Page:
Index of content:
Volume 16, Issue 2, October 1944
A Clinical Comparison of Air and Bone Conduction Hearing Aids in Cases of Conductive Impairment of Hearing16(1944); http://dx.doi.org/10.1121/1.1916269View Description Hide Description
16(1944); http://dx.doi.org/10.1121/1.1916270View Description Hide Description
A method for measuring the modulus of elasticity of fibers and films by sonic means is described and the results of an exploratory study of the modulus in various natural and synthetic fibers and films are given. The method is based on the equation for the propagation of longitudinal waves in elastic materials, which expresses the velocity of propagation in terms of the elastic modulus and density of the medium. The procedure involves measuring the sound velocity and calculating the modulus, using the proper density value. The modulus so calculated is characteristic of a dynamic, short period measurement, since a sound frequency of approximately 10 kilocycles per second was used. The range of moduli found was from 1×1010 to 50×1010 dynes per square centimeter. Correlations of moduli with other physical properties are given.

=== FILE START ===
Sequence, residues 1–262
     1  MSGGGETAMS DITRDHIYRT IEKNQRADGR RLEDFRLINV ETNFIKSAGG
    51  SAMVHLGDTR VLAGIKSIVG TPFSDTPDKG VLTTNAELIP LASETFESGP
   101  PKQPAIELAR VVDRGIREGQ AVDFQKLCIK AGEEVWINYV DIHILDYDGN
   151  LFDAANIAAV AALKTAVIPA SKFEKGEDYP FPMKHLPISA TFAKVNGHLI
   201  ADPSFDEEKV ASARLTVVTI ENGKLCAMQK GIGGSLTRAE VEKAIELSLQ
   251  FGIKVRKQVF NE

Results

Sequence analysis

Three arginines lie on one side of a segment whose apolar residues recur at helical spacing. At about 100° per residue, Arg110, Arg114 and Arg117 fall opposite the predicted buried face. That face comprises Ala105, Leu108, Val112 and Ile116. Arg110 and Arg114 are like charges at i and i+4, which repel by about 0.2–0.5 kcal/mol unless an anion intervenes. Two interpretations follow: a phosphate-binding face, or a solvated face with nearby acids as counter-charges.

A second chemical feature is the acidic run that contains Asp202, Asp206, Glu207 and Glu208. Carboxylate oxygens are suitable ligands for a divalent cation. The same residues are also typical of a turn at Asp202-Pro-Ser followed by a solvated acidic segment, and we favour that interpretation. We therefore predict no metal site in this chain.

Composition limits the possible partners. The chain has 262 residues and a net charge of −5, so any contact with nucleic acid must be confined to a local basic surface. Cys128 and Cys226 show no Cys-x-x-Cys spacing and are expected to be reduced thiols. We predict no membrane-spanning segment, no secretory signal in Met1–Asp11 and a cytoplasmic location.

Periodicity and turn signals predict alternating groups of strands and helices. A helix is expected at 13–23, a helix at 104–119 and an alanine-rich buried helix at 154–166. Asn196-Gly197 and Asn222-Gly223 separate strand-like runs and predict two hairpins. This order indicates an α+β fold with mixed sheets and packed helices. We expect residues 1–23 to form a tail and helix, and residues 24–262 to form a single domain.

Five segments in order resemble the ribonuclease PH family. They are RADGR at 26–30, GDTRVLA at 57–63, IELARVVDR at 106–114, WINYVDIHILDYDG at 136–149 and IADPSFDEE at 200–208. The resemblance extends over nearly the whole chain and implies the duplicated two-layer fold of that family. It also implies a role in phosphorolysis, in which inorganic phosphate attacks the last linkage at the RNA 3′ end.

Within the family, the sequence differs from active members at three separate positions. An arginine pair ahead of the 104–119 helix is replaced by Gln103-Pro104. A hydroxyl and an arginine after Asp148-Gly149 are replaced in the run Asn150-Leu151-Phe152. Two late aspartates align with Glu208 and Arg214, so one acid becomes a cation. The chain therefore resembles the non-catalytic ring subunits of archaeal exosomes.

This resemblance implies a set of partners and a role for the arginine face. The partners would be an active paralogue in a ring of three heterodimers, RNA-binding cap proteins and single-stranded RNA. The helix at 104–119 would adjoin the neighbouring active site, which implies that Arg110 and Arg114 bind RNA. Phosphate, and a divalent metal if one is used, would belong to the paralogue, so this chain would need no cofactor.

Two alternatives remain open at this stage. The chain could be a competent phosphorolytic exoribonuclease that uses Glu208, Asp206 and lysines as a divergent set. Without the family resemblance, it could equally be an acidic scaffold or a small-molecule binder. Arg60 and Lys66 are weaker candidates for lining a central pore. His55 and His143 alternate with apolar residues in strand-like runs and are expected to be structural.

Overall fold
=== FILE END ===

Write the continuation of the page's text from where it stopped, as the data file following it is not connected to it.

16(1944); http://dx.doi.org/10.1121/1.1916271View Description Hide Description
The study of sound propagation in gases has revealed useful data concerning molecular behavior. Vapors, with little known about their absorption and dispersion to sound at audible frequencies, provide a natural field for extending such studies. In the present investigation, a form of Kundt's tube is employed in which a hot wire records the amplitude in the stationary wave system. It is calibrated by the use of dry air and of oxygen. The results obtained for the velocity of sound are in good agreement with those determined by other methods.